Technology and engineering are serious all-rounders in the sporting world. They make an impact everywhere, from goal-line technology to detailed analysis of performance data and the biomechanics of how the body moves.
Technology even affects what athletes wear. “One of the biggest advances regarding technology in sport is in the materials we use,” says Dr Jonathan Sinclair, course leader for the MSc in sports science, biomechanics and physiology at the University of Central Lancashire.
One example, the LZR racer swim suit, reduced drag by compressing a swimmer's body into a more hydrodynamic shape, he explains. “It was used at the Beijing Olympics by 90 per cent of race winners in the pool.”
Universities throughout the UK are constantly looking for new ways to develop and apply technology within sport. Research at Bangor is looking at how virtual environments could be used to train elite rugby players; at Sheffield Hallam, one study used new tech to investigate how tennis players move around the court.
It’s not only about building better athletes, though. “Driving elite performance has intrinsic value,” says Dr David James, deputy director of the Centre for Sports Engineering Research at Sheffield Hallam University. “However, there are other important aspects such as athlete safety and participation.”
Participation might mean getting people involved in a sport, or using sport technology to enable more people to move more often, James explains. To that end the university's current work includes developing shuttlecocks that fly well in the open air, so that more people can access badminton by playing it outside in public spaces. Meanwhile, their work on the tennis court has other applications, including working with patients with balance problems “to observe and quantify their movement,” says James. “Can we help people by observing what they’re doing?”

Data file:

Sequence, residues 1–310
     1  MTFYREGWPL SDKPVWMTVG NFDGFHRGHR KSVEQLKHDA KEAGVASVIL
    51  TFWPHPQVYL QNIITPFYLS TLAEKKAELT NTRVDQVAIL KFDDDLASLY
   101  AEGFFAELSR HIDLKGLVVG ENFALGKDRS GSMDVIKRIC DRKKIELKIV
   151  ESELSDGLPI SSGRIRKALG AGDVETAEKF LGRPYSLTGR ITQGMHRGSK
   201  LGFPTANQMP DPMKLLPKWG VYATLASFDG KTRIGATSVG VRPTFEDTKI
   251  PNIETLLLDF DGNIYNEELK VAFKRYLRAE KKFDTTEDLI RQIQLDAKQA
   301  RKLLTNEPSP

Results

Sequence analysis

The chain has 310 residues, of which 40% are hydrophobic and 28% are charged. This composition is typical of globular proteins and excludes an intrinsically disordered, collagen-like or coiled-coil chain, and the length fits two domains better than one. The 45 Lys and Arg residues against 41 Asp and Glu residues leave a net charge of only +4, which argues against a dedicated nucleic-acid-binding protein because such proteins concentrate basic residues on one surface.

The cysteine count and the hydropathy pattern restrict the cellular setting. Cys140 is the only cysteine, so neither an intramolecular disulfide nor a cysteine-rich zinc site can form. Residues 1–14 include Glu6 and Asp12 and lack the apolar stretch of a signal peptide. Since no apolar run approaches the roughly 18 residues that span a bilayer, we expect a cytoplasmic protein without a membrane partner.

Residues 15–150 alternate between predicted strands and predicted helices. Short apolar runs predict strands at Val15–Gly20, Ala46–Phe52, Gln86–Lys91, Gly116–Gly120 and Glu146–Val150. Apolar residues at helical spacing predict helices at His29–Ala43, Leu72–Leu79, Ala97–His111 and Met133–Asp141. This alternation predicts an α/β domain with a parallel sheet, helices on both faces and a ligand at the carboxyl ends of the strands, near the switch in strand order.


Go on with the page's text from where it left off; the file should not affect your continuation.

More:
This kind of crossover can benefit everyone – the wearable technology in your Fitbit has its origins in elite sport research, for example. Looking ahead, Dr James Hardy, senior lecturer at Bangor University’s School of Sport, Health and Exercise Sciences points to technology that increasingly enables athletes to monitor and control their brainwaves. “The latest research demonstrates that this brain-training can be used to help athletes focus under pressure,” he says, “while also having applications outside of sport in the treatment of conditions like ADHD, epilepsy and PTSD.”
With graduates going on to further research or working with national bodies and major sports brands, the work universities do around sports technology will continue to have an impact in both sports performance and wider health contexts. “The technologies now available to researchers enable previously unanswerable questions to be addressed,” concludes Nick Draper, head of the department of Life Sciences at the University of Derby, “with a greater level of accuracy in data than had previously been possible.”
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